Beyond triathlons: Using a GPS smartwatch for everyday fitness

June 13, 2016


Skin tight wetsuit, no spare tire. Powerful lungs to last all day. A confident figure strides out of the water toward an impatiently-waiting hyper light bike. A glance at the wrist; heart rate is fabulous. He’s all business, and he’s ahead of pace. Oh, the glory…

In this admittedly weird triathlete fantasy scene, there’s a good chance the hero’s side piece is a Garmin fēnix 3. Triathletes say it has all the right stuff for their demanding regimens.

But what if you’re not a hardcore athlete? What if you’re like me?

I don’t do competitive endurance races. When I think of swimming more than a kilometer without stopping, I think of drowning. I’m just an active guy who likes to be outside and stay reasonably fit.

So in my capacity as a Regular Active Guy, let me save you some time with a swift rundown of the ways a fēnix 3 might fit into an everyday healthy lifestyle. There are dozens of features, but these are what I consider the main things most people will do with the watch:

Track and analyze your activity.
Track basic bio data (steps, sleep patterns, heart rate, and estimated calorie burn) in addition to runs, bikes or swims. The accumulated data syncs to your computer or phone where you can analyze it.
Go exploring (without getting lost).
Super-accurate GPS (plus compass, altimeter and barometer) assists you on runs, climbs, rides, trails or hikes. Plan your routes with free Basecamp software (buy maps or upload your own tracks). Navigate and record your progress. Reverse your path to be guided back the way you came.

Get to know your running form.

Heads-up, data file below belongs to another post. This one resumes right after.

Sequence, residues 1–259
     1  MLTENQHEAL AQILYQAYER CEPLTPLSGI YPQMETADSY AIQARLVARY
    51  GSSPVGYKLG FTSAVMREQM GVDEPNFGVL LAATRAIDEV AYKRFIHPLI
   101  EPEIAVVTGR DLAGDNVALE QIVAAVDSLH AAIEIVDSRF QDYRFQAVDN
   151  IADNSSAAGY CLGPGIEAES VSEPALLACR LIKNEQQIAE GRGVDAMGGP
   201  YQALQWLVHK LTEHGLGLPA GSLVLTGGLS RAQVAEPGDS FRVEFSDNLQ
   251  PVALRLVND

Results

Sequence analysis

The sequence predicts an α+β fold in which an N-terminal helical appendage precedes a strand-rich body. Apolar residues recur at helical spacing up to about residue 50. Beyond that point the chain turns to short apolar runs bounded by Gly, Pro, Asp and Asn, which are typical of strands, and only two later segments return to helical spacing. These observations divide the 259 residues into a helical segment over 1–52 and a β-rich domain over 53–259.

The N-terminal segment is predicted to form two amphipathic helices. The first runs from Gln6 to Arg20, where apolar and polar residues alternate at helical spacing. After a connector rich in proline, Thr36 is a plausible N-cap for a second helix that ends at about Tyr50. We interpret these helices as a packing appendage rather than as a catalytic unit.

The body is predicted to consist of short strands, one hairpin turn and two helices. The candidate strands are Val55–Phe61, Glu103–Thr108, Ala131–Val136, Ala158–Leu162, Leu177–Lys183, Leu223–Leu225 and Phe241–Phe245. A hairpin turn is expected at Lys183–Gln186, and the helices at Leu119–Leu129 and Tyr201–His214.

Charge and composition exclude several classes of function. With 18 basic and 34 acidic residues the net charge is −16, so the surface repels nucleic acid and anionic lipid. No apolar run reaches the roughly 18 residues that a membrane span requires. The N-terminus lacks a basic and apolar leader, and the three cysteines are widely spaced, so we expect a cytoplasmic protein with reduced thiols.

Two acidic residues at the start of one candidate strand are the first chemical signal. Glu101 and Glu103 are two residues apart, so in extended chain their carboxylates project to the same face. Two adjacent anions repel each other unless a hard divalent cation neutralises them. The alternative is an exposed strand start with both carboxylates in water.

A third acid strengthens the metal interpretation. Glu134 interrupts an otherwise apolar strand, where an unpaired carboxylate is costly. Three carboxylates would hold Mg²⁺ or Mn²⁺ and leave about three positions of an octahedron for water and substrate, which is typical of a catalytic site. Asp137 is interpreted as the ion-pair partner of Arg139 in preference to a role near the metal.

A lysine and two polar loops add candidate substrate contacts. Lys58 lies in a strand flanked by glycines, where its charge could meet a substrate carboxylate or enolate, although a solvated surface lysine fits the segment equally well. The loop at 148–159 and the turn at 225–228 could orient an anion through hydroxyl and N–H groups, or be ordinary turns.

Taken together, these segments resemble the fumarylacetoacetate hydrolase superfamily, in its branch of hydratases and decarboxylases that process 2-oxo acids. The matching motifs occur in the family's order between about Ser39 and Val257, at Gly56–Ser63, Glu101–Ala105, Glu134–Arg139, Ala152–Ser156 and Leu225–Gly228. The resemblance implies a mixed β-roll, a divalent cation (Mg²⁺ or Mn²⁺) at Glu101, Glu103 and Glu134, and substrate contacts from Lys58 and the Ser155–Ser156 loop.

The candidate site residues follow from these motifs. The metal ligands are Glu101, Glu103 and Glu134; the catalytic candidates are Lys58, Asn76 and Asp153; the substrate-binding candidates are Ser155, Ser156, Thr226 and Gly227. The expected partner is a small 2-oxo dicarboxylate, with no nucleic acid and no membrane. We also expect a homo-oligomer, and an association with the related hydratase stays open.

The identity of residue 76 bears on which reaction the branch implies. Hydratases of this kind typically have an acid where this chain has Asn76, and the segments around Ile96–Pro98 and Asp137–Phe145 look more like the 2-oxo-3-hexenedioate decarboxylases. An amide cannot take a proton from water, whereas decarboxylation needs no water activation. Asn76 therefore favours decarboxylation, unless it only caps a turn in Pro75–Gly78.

With the fēnix 3 HR you can track a number of informative ‘running dynamics’ without a heart rate band, all the tracking is done at your wrist. See heart rate, steps per minute (cadence), ground contact time and left/right balance, stride length, and vertical oscillation (how high you bounce off the ground).

Do guided workouts and training.
Create custom workouts or download pre-programmed ones. Follow along through the steps as they appear on the watch. Set training targets based on distance, time and speed. Get real-time progress feedback.

Customize and expand.
Add different watch faces (essentially display themes) and data fields. Download widgets and apps. For example, there’s a golf rangefinder app, a speedometer, gym timer, atlas, etc. These add-ons make this a ‘smart’ watch in a way that will seem familiar in the era of customizable devices.

Leave it on (and still look good).
The term ‘Multisport GPS Smartwatch’ may evoke visions of a chunky watch with an antennae, but stylish good looks were clearly a priority here. It certainly doesn’t look like a fitness bracelet, and I think you could wear it confidently to work or on a date. Take a look and decide for yourself.




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